I suppose that most of my readers know that the English word “Hosanna” transliterates Hebrew Hoshia Na (הֹושִׁיעָה נָּא – Literally: “save, please”) and that these words are taken from Psalm 118:25: Save now, I pray, O Lord אָנָּא יְהוָה הֹושִׁיעָה נָּא
What you may not know however, is that Psalm 118 is one of six psalms (113-118) of the so-called Hallel (Hebrew for Praise), the songs of praise and thanksgiving. There are special occasions when we have an additional obligation to praise God, and on these special occasions we recite special psalms, known as Hallel. According to the Jewish sages, there are several fundamental themes distinguishing the psalms of Hallel – and one of them is acknowledging the source of salvation.  On the other hand, we know that Psalm 118 was recited on the way to the Temple and also in the Temple on Passover Eve, Erev Pesach, at the time of the slaughtering of the Passover sacrifice (“korban Pesach”). So these words from the Psalm 118 not only confirmed that Jesus entered Jerusalem as the ‘Ultimate Sacrifice’ – as the Passover Lamb – but also recognized and acknowledged Him as the source of salvation.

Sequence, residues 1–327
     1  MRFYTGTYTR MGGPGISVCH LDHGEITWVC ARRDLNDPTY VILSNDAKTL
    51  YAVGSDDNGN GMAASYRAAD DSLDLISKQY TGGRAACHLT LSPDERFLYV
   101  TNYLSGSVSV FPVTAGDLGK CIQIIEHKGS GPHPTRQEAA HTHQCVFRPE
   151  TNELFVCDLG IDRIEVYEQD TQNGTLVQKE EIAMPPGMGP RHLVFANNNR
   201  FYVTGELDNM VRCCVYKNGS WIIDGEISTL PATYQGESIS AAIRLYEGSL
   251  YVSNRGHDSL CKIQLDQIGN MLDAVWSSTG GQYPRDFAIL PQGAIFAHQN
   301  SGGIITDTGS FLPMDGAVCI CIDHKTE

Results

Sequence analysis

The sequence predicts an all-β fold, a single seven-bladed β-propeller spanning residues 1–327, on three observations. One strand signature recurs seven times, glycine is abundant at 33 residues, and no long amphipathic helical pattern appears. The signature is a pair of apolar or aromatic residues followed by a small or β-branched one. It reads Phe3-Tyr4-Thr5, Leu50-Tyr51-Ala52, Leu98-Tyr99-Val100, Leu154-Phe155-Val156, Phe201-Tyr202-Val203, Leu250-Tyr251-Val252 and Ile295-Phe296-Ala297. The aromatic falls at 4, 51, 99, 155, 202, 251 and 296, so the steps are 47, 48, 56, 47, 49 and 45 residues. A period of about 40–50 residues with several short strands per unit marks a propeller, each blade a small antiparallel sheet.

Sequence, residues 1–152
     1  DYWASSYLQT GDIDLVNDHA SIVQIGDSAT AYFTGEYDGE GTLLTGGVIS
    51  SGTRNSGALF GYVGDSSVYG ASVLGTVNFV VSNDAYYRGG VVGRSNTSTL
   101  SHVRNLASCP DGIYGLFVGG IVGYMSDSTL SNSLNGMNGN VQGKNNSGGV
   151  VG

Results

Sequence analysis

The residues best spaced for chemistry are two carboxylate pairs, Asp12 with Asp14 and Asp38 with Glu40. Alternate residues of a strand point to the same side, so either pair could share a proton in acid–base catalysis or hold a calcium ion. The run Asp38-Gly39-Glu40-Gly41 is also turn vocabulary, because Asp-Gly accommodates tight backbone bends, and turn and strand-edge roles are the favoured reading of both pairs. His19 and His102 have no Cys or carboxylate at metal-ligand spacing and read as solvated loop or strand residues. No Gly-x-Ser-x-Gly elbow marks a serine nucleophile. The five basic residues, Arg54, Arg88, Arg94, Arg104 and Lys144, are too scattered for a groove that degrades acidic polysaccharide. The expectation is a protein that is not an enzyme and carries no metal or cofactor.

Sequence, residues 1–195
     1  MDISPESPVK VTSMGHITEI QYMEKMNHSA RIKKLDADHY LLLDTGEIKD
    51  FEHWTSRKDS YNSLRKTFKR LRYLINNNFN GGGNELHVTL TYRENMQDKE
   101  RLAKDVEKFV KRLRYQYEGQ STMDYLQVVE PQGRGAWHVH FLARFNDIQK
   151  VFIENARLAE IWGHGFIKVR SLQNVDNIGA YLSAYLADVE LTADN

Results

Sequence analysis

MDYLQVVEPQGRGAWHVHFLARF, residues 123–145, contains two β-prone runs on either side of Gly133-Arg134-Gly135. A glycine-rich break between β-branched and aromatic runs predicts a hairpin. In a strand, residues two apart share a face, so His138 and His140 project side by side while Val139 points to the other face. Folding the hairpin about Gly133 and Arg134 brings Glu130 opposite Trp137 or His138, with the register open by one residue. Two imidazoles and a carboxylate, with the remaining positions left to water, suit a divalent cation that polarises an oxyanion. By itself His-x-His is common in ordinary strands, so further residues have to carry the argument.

CHAG PESACH SAMEACH! MAY YOU HAVE A WONDERFUL, TRULY BLESSED HOLIDAY SEASON!



Kevod Yeheveh, His presence be with us always and forever freeing us from that which holds us enslaved.

David Russell